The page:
They Lived with the Drum

Michael Compitello has produced a solo record of pieces for the snare drum called Unsnared Drum (NEW FOCUS RECORDINGS FCR310), and for it he commissioned four contemporary American composers to devise new pieces for this particular instrument.

To his credit, this wasn’t a careless project by any means – he selected his collaborators with care, and worked with them over a period of four years. Moreover, he sent them a snare drum to experiment with, along with a collection of sticks, brushes, and other striking implements. The brief, if indeed there was one, was for them to “investigate the instrument from the ground up”, suggesting strongly that a fundamental re-assessment of the snare drum was indicated, and the very nature of percussion itself was at stake – or at least, it was the potential target of a radical muscial rethink. It so happens all four composers are women, although this healthy gender balance wasn’t an explicit part of the plan, and at least two of them have managed to smuggle a subversive message into their music, something about challenging assumptions.

Of the four, my favourite is the opening ‘Heart.throb’ by Nina C. Young, and I probably favour it because of the daring use of electronics. Plus it’s a confident performance with many loud and dramatic moments, and the electronic aspect has resulted in some pretty good transformations of a normal drum sound. Her stroke of genius is to apply a transducer to the head of the drum, which had the effect of making the snare into a speaker; we don’t exactly get wild and crazy feedback from this set-up, but what we do get is the “pressure” and vibrations of the drum transformed into electrical signals by the transducer. In her notes to this piece, Young speaks of “a secret love story of warm resonance cradled by tension-coupled heads”; she almost suggests that the performer is nurturing the drumbeat like a mother would nurse a baby, hence the simple “heartbeat” metaphor. Good stuff.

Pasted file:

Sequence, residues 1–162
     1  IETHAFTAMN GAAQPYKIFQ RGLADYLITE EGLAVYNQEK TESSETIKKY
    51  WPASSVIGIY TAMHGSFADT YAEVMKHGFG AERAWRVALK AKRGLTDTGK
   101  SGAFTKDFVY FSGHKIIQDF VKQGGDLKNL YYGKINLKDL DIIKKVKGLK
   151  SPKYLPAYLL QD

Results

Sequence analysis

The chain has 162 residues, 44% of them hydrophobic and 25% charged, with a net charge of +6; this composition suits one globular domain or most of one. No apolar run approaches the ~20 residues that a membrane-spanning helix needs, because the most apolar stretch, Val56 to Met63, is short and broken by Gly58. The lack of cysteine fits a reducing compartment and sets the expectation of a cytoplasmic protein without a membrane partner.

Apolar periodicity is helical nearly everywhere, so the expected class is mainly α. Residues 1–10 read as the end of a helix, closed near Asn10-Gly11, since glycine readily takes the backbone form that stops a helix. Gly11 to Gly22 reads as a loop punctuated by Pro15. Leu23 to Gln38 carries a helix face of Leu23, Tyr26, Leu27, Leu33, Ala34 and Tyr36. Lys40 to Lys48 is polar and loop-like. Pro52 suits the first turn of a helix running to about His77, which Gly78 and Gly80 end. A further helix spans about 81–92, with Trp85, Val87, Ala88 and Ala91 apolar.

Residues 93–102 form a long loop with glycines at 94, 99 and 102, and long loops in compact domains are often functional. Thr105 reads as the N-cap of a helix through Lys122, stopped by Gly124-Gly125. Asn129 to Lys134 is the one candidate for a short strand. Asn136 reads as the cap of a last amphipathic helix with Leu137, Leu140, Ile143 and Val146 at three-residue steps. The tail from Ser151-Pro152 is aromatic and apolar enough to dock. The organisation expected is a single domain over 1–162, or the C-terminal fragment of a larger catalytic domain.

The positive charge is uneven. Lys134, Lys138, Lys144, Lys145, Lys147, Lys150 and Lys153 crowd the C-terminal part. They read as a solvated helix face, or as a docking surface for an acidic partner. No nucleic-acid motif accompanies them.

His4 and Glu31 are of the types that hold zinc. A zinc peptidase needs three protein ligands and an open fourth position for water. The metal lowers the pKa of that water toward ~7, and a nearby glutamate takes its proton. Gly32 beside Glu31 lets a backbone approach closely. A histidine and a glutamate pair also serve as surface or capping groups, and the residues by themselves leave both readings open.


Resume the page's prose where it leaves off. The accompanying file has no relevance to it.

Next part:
Hannah Lash’s ‘Start’ is much more formal, somewhat more stiff, seemingly an exercise requiring the player to repeat complex patterns, trying different sticks and brushes; it’s set as a kind of challenge. Compitello rises to the task, but this one feels just a shade too “descriptive” to me, a composition simply describing itself, or describing the action of drumming. You can sense the trend here – the composers are parsing apart the different aspects of snare drum (as a construction of wood, metal and membrane) and likewise analysing ways of playing it, to focus on one constituent part at a time. Further such parsing is evident on ‘Ghost In The Machine’, where Amy Beth Kirsten proposes lots of different and diverse objects used to strike the drum…again a bit too diagrammatic for me, but at least this piece is informed by some kind of “oppositional” agenda, attempting to subvert our expectations of the snare and its use in a “military” context. I suppose ‘Start’ is trying to do much the same for marching bands generally. If I’m correct in detecting this strain, it’s a potentially powerful feminist statement opposing the American war machine and its (arguable) perpetuation on the sports grounds of every high school that has a marching band, but perhaps I’m reading too much into it. Compitello’s playing on ‘Ghost…’ isn’t very exciting. His metal-scraping and cutlery use is very tame compared to that of Prévost or Cutler. In Kirsten’s favour though, I do like the huge yawning gaps in this composition, which at moments seem to leave us staring into a void.

As to ‘Negative Magic’ by Tonia Ko, this one focuses on tuning, based on the far-out idea of loosening the tight skin on the snare to an unfeasible extent and seeing what happens. It’s a bit like blowing up a balloon, only in reverse. Once again the dominant method is a materialistic approach, a lot of weight placed on process…and not enough attention to compositional ideas. We’re promised “hidden melody, harmony and resonance” on ‘Negative Magic’, but neither the piece nor the performer is able to reveal these hidden elements sufficiently. Michael Compitello also appears as one half of the duo New Morse Code, and they have made one album for this label. This from 9th August 2021.

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